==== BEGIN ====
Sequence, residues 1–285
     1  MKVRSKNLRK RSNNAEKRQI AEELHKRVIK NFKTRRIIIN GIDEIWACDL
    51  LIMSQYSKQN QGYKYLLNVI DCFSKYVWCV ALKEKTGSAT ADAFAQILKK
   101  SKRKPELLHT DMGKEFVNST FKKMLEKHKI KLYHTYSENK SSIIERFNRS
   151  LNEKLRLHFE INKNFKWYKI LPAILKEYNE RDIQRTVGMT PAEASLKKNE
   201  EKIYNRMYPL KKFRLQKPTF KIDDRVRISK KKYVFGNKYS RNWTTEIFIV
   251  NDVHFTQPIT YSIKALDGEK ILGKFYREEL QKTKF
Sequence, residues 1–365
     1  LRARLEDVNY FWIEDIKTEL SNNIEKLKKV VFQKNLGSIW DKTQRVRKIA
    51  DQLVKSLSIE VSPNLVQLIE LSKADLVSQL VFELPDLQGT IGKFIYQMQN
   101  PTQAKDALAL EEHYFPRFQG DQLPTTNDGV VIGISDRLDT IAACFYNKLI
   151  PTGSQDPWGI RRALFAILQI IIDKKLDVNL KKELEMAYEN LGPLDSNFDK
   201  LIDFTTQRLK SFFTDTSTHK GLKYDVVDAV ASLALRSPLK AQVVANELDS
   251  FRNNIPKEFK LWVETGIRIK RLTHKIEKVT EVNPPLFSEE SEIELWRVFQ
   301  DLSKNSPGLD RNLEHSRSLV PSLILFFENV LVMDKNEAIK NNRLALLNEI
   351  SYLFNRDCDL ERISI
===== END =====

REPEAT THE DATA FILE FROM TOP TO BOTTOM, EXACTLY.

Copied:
Sequence, residues 1–285
     1  MKVRSKNLRK RSNNAEKRQI AEELHKRVIK NFKTRRIIIN GIDEIWACDL
    51  LIMSQYSKQN QGYKYLLNVI DCFSKYVWCV ALKEKTGSAT ADAFAQILKK
   101  SKRKPELLHT DMGKEFVNST FKKMLEKHKI KLYHTYSENK SSIIERFNRS
   151  LNEKLRLHFE INKNFKWYKI LPAILKEYNE RDIQRTVGMT PAEASLKKNE
   201  EKIYNRMYPL KKFRLQKPTF KIDDRVRISK KKYVFGNKYS RNWTTEIFIV
   251  NDVHFTQPIT YSIKALDGEK ILGKFYREEL QKTKF
Sequence, residues 1–365
     1  LRARLEDVNY FWIEDIKTEL SNNIEKLKKV VFQKNLGSIW DKTQRVRKIA
    51  DQLVKSLSIE VSPNLVQLIE LSKADLVSQL VFELPDLQGT IGKFIYQMQN
   101  PTQAKDALAL EEHYFPRFQG DQLPTTNDGV VIGISDRLDT IAACFYNKLI
   151  PTGSQDPWGI RRALFAILQI IIDKKLDVNL KKELEMAYEN LGPLDSNFDK
   201  LIDFTTQRLK SFFTDTSTHK GLKYDVVDAV ASLALRSPLK AQVVANELDS
   251  FRNNIPKEFK LWVETGIRIK RLTHKIEKVT EVNPPLFSEE SEIELWRVFQ
   301  DLSKNSPGLD RNLEHSRSLV PSLILFFENV LVMDKNEAIK NNRLALLNEI
   351  SYLFNRDCDL ERISI